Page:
When I was a kid my family spent every 4th of July at my Auntie Margie and Uncle J’s house. Uncle J would unfurl the American flag from the top window of their classic Craftsman house, then he’d fire up the BBQ while Auntie Margie and her two sisters prepared food in the kitchen, telling stories and chortling about life’s absurdities—especially the challenges of raising a gaggle of kids.
Auntie Margie had six kids—three boys and three girls, all whom I adored. Mom had us four kids and my other sweet auntie, Katie, had a small brood herself, with three girls and a boy.
We were a tight clan, especially on the 4th of July, when a blaze of cousins, and later, second cousins, would find all sorts of ways to get into mischief. If we weren’t sneaking food or running around my aunt and uncle’s one-acre property, we were throwing walnuts or crabapples at each other, lighting fireworks, starting water fights or playing Marco Polo in the swimming pool. Grandma, our no-nonsense pillar of dignity, would sit in a woven lawn chair taking it all in, trying not to chuckle at our antics, but always being betrayed by her twinkling eyes.
Photo of 4th of July silliness. Auntie Margie, Grandma, Auntie Katie and Mom
I loved everything about our rich family 4th of July tradition, from Credence Clearwater Revival playing in the background to the photograph we took every year in which everybody lined up and said, “Cheeez” for posterity.
One of our later 4th of July gatherings when my cousins and I were grown
The other thing I loved was knowing exactly where I’d be every Independence Day. It felt comfortable and predictable.
The fact of the matter is that it was the only place we could be. That is if we wanted Auntie Margie to be part of the celebration.
You see Auntie Margie suffered from agoraphobia.
Agoraphobia is a mental disorder that affects 3.2 million people. According to Medicine.net, it’s defined as:
“A fear of being outside or otherwise being in a situation from which one either cannot escape or from which escaping would be difficult or humiliating. It is a subset of panic disorder involving the fear of having a panic attack in such environments.”
Panic attacks often involve intense fear, disorientation, rapid heartbeat, dizziness or diarrhea, and sufferers may go to great lengths to avoid situations which may trigger them. In severe cases they may become unable to leave their home or safe haven.
There are a number of theories about what might cause agoraphobia, and like other mental disorders, it’s usually triggered by several factors–everything from genetics (it tends to run in families) to repeated exposure to anxiety-provoking situations to things like alcohol or cigarettes. It’s twice as common in women than men, and usually occurs between 20 and 40 years of age.
Auntie Margie’s case was severe. She literally did not leave the confines of her one-acre property for more than thirty years. No, that’s not a typo. Thirty years.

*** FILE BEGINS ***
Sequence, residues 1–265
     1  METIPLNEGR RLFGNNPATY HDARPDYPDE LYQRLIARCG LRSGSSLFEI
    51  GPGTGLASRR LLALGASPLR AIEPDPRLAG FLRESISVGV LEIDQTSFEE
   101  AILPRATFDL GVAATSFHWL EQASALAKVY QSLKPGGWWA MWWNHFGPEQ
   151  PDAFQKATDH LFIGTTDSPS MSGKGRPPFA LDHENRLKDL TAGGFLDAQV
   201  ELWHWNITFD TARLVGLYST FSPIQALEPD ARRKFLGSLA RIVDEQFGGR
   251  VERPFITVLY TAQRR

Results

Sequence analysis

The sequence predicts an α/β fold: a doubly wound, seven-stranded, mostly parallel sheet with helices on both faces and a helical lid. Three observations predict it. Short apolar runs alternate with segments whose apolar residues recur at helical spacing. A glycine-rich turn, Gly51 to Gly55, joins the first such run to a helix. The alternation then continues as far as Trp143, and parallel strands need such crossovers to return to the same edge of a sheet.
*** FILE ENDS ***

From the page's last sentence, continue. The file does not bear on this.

Before you start envisioning creepy images of Howard Hughes or some socially deranged person, you should know that Auntie Margie was the farthest thing from that.
In fact you’d never know she had a mental illness. She was up on all the news, pop culture, and music. She was a voracious reader. She wore make-up, painted her fingernails, hosted fancy Valentine’s Day gatherings, had a fantastic sense of humor and was wildly creative—a painter, gardener, seamstress, craftsperson, woodworker, house designer. Most of all, she was a superb actress. She never talked about her struggles and in fact, acted as if her life was just like yours or mine.
Auntie Margie (left), Mom, and Auntie Katie in one of Margie's beautiful gardens
I loved Auntie Margie deeply. She was like a second mom—somebody I felt a connection to from an early age—especially after living next door to her for the first six years of my life. We laughed and talked in her kitchen, and we played games like Boggle and Uno. She French braided my hair, sewed me dresses, and let me help in her garden. I always felt special when I was with her, even if we were just shooting the breeze and eating cucumber sandwiches under the apple tree in her backyard.
Auntie Margie’s agoraphobia haunted me though, especially as I got older. I wanted to get her help. I wanted to break her free of her chains.
I wanted her to see the beach again. I wanted her to eat buttered popcorn with me at the movies. I wanted her to be wrapped in the magic of an art supply store. I wanted her to be able to get her hair done at a salon and have lunch with her sisters somewhere besides her kitchen. I wanted her to go for a drive in the country or breathe fresh mountain air. I wanted her to be free.
So what stopped me from getting her help?
Fear, plain and simple.
My mom warned me over and over, “If you confront her about it, she’ll never speak to you again.” Mom and I argued about this more than a few times. “How could we NOT get Auntie Margie help?” Mom loved her sister more than anything, but she was paralyzed by fear too. So was the entire family. Margie’s agoraphobia was the elephant in the room nobody talked about, even though everybody wanted to do something to help.
Her husband, a World War II veteran, and a man of extreme honor, carried the burden of her illness for more than three decades. I will always consider him a King Among Men because most husbands never could, or would have endured what he did. It’s impossible to imagine the range of emotions he must have felt all those years, but he stuck by his wife and kids in sickness and in health, in good times and in bad.
And then after thirty-two years, one day, by some miracle, Auntie Margie left the house.